About the series: Happy Trails explores the best of what the Colorado outdoors has to offer for hiking, biking and camping. Looking for more hiking trails in Colorado? Head over to gazette.com/Colorado-trails
Description: Of the trails we've been spotlighting weekly since June, we have yet to find one that offers this great a view of Woodland Park. The town catches your eye from a high field, where Pikes Peak demands your admiration. It's a perfect place for a picnic, and the hike or bike ride to it is perfect for fall when the aspens glow gold.
Below, the trees span the side of singletrack that threads a peaceful meadow. The area is reached about a mile into the journey, should you choose to take the loop counterclockwise. At 0.8 miles, rather than continuing straight, veer to the left toward the stream. At the post marking the 3¾-mile loop, go right to enjoy mostly level terrain.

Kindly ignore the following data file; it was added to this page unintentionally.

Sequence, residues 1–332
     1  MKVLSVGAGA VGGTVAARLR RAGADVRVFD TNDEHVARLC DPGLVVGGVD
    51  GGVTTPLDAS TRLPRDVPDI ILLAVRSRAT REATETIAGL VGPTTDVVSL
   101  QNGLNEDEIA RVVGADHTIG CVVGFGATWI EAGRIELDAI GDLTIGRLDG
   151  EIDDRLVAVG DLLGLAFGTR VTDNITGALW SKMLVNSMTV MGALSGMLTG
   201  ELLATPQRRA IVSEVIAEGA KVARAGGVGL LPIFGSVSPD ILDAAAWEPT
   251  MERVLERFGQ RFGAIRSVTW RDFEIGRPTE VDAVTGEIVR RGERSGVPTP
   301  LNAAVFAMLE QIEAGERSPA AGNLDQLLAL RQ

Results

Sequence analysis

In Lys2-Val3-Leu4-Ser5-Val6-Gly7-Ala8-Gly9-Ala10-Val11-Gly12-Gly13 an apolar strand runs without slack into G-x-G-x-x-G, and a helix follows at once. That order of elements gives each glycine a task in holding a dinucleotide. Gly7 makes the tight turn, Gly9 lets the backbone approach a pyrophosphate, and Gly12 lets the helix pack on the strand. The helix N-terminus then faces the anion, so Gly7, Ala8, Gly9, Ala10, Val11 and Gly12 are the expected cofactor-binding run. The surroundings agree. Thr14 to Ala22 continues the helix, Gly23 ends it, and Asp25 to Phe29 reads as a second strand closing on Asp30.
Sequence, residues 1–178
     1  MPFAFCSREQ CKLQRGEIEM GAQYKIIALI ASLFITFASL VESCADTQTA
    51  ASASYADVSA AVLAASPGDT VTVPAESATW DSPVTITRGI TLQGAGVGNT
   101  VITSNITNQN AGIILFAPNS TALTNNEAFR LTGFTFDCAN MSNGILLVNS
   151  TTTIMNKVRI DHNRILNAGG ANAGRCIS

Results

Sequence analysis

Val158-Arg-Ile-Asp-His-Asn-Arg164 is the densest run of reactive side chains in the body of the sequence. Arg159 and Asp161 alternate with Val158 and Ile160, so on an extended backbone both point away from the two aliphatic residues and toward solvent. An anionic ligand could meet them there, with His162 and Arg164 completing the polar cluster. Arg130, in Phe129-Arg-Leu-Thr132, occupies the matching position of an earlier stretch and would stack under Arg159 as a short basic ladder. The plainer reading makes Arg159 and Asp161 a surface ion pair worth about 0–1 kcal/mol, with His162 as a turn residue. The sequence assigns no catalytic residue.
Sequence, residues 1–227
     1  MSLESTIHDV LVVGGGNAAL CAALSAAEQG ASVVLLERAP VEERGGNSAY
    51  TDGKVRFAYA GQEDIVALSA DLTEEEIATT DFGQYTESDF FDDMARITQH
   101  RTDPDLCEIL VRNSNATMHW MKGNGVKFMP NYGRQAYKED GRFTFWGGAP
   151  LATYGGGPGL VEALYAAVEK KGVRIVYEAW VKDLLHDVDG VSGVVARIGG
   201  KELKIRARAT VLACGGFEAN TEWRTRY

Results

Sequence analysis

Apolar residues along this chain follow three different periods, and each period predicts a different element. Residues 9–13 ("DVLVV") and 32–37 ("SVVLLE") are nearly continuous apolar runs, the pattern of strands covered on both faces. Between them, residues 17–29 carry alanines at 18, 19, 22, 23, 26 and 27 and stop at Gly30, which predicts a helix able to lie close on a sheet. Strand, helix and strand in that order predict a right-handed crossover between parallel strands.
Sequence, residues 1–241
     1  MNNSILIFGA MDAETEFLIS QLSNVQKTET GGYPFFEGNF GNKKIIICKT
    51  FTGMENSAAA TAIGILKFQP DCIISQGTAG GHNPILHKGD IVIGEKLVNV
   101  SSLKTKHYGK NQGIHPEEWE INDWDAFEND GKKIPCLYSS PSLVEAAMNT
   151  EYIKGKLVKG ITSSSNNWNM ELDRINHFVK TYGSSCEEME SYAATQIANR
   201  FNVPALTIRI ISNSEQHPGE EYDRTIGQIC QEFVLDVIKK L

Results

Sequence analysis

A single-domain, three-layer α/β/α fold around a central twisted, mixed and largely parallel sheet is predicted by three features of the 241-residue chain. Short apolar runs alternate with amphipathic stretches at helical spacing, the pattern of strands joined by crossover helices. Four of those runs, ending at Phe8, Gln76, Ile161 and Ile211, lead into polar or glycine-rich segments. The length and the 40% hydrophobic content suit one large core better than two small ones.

The meadow stores boulder piles and summertime wildflowers that pop along the trail as it steadily rises to Rampart Range Road. After that serenity, it's strange to be back where vehicles roam, but quickly you'll return to a place where they do not. Head left past a barricade, following under the power lines. After the 3-mile mark of the trek, look to see the north face of America's Mountain popping through the pines. The most spectacular views are ahead, on a series of knolls, steep but short climbs.
Once you've had your fill of panoramic sights at the top, continue down the path carefully as it descends rather sharply; this would be the best challenge if you decided on the clockwise route. At 4.73 miles, see the sign pointing you back to where you came.
Trip log: 5.52 miles round trip ("lollipop"), 1,116-foot total elevation gain, 9,328 feet max
Difficulty: Easy to Moderate
Getting there: Heading west on U.S. 24 to Woodland Park, turn right onto Baldwin Street at the stoplight by McDonald's. The street turns into Rampart Range Road. At the gate for the Woodland Park Public Works and Utilities building, turn left, proceeding on the shop's gravel lot to the small dirt parking area for the trail.
FYI: Open to bikes and horses. Camping permitted along the trail. Put fires out and pack out trash.
SETH BOSTER, THE GAZETTE